I was quite disappointed that we had failed to get this across, but with my Lean goggles I could see that we needed to learn from this and make the game more applicable to their experiences. Every set back is an opportunity to change and improve.
Click on the article to view it.

When attendees miss the point!
When attendees miss the point!

How can the Rail Industry apply Lean techniques to improve performance?

One of my keen interests is to understand how the Rail Industry can apply Lean techniques and ideas?

Below I have listed out some of the obvious wastes that exist in the maintenance and renewal sectors of the industry:
 

Spare materials on and about the track,
Inflated costs due to the ‘specialist nature’ of the work and equipment,
Extremely long design processes,
Consistently late design approvals for what should be standard work.

 
These are some of the obvious ones, however, looking from a Lean perspective there are many more and some very fundamental wastes which are more worrying.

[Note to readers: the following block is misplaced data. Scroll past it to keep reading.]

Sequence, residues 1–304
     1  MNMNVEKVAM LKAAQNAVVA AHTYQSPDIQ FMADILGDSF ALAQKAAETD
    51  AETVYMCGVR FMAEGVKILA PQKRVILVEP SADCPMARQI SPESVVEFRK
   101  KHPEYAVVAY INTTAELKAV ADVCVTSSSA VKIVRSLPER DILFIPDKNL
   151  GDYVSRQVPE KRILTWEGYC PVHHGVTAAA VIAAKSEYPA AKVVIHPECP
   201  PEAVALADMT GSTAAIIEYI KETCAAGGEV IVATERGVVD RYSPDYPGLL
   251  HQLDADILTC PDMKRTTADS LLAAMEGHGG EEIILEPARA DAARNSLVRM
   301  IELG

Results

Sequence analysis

Issues such as:
 

Constantly changing workforce, low skill base and low morale,
Lack of standard work across the industry, everyone has their own way,
Very uneven work loads leading to excessive labour pools,
Systems based on empirical evidence rather than hard scientific evidence.

 
I would like to start a debate about how the industry can adopt and implement the principles of Lean. How can an industry as diverse as ours look to ensure we respect our people and look to improve what we do?
 
Do we understand what the future looks like? Can we move forward with confidence when there is a lack of certainty about what that future is?
 
Please make comment by leaving a reply below. I hope that we can get some good ideas floating around and help improve the performance of the industry, even in just a small way.